Making Required Homework More Effective: An Experiment in My Class

It is increasingly common knowledge that homework is modestly effective in the upper grades, but barely effective at all in elementary.

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While we all have our own thoughts and opinions on how to empower students to engage in learning activities at home, most schools have specific policies in regards to homework, including how many minutes per night and on which days homework should be assigned. This presents most elementary teachers with a challenge: How do we make these required homework minutes more effective? 

Thanks to the fabulous Karen Boyes from Spectrum Education, I was able to publish a second article in her Teachers Matter Magazine all about my recent experiment with making homework more effective, which started as a blogpost that you can read here. This follows my first article on the arrival of fidget spinners in my school in Sudan.

My plan is to keep contributing as many publications as I can to those who like my ideas and writing, including guest blog posts such as my Guest post: Balancing work and play in the sands of Sudan on Mr. Hill’s Musings. Feel free to contact me if you think my writing can make a difference in the lives of our teachers and students.

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With Karen Boyes at AEC 2017

To read my contributions to Teachers Matter Magazine in PDF form, click on the links below:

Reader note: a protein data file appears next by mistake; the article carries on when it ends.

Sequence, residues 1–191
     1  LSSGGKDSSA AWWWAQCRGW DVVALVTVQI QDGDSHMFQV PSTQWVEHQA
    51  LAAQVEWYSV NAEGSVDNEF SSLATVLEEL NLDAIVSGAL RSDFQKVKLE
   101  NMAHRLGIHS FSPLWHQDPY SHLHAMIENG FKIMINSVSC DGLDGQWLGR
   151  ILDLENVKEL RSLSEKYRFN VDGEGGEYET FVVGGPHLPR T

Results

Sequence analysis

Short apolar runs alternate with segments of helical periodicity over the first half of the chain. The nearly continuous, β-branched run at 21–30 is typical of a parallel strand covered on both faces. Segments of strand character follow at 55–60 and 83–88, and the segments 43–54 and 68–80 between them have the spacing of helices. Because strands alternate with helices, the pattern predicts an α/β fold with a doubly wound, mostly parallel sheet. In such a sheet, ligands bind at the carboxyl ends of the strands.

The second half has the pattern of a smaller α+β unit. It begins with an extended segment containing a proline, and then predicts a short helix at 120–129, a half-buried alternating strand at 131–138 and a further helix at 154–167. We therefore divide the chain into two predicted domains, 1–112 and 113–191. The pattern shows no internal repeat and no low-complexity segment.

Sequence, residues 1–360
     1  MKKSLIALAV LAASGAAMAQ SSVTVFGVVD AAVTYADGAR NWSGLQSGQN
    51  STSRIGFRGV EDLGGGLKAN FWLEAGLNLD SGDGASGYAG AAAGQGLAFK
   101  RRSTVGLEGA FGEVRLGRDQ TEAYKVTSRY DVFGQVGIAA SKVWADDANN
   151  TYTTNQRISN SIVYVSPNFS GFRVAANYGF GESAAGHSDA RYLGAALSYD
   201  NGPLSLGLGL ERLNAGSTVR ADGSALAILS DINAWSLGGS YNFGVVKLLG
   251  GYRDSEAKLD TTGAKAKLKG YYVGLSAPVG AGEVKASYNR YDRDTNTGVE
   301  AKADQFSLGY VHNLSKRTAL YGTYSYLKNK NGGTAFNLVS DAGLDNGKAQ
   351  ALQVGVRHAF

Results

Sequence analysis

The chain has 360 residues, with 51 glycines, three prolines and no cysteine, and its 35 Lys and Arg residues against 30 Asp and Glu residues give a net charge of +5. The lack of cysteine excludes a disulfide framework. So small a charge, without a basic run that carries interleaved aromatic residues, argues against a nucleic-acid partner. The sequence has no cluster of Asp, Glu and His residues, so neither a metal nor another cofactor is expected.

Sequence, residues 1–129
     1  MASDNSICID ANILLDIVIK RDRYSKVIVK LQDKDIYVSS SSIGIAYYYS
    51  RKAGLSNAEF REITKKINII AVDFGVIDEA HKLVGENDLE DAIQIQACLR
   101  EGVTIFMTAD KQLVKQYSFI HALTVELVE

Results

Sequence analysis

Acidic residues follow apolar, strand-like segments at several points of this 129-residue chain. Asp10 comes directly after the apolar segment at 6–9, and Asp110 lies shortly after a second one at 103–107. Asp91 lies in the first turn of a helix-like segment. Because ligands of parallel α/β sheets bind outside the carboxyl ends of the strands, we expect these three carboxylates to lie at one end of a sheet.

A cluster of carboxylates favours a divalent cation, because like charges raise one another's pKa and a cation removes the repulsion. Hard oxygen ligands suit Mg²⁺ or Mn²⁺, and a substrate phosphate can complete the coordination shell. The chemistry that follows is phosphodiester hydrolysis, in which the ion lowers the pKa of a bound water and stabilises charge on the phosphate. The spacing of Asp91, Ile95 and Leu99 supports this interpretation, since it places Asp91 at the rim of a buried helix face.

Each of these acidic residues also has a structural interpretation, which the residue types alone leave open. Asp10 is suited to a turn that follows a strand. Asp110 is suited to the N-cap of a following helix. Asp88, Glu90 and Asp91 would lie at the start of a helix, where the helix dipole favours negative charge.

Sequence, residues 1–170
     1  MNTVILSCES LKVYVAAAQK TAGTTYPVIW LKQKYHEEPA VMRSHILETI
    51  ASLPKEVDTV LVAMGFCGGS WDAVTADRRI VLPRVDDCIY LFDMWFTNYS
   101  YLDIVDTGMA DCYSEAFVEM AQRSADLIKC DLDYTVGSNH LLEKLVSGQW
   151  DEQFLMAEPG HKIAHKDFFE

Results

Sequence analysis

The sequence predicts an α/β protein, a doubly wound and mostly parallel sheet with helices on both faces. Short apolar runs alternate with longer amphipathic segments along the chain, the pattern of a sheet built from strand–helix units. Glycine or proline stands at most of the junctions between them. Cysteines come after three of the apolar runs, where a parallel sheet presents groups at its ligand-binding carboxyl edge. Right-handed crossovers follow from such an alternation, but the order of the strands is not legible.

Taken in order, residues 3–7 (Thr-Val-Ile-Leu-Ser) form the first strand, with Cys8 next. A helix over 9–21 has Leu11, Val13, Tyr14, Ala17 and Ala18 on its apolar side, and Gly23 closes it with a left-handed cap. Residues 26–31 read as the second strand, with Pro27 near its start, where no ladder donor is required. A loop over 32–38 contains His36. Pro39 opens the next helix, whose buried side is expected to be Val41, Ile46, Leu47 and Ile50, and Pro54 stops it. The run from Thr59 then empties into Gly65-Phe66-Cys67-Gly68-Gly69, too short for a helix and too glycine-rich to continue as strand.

Fidget Spinners: Annoying or Cool?

and. .

Making Required Homework More Effective


 

Thank you for visiting educationrickshaw.com, a website by international teaching couple, Stephanie and Zach Groshell. We have plenty of articles on our blogroll that will fit your interests, so feel free to explore and learn more about the international teaching circuit.

– Zach Groshell @mrzachg

2 thoughts on “Making Required Homework More Effective: An Experiment in My Class

  1. Susan Taylor Brand says:

    Just wanted to put in this 2 cent comment: this week I was thinking that homework, done correctly, is an intervention, giving time for students who didn’t master the work in class and for additional practice for those who need to develop speed. I wonder if the opponents of homework would changes their minds if research points out, as I believe it would, that “good” homework is a way of helping the struggling student.

    Liked by 1 person

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